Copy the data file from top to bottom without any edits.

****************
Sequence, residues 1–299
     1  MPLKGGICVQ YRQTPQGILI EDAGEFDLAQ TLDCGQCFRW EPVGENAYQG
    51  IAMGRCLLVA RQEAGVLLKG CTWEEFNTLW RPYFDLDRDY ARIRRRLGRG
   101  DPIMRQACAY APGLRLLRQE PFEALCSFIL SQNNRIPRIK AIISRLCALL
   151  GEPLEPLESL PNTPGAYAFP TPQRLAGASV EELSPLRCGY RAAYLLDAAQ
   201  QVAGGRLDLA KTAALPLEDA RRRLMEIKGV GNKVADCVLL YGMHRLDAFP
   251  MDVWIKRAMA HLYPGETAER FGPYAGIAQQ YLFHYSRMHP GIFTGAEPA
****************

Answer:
Sequence, residues 1–299
     1  MPLKGGICVQ YRQTPQGILI EDAGEFDLAQ TLDCGQCFRW EPVGENAYQG
    51  IAMGRCLLVA RQEAGVLLKG CTWEEFNTLW RPYFDLDRDY ARIRRRLGRG
   101  DPIMRQACAY APGLRLLRQE PFEALCSFIL SQNNRIPRIK AIISRLCALL
   151  GEPLEPLESL PNTPGAYAFP TPQRLAGASV EELSPLRCGY RAAYLLDAAQ
   201  QVAGGRLDLA KTAALPLEDA RRRLMEIKGV GNKVADCVLL YGMHRLDAFP
   251  MDVWIKRAMA HLYPGETAER FGPYAGIAQQ YLFHYSRMHP GIFTGAEPA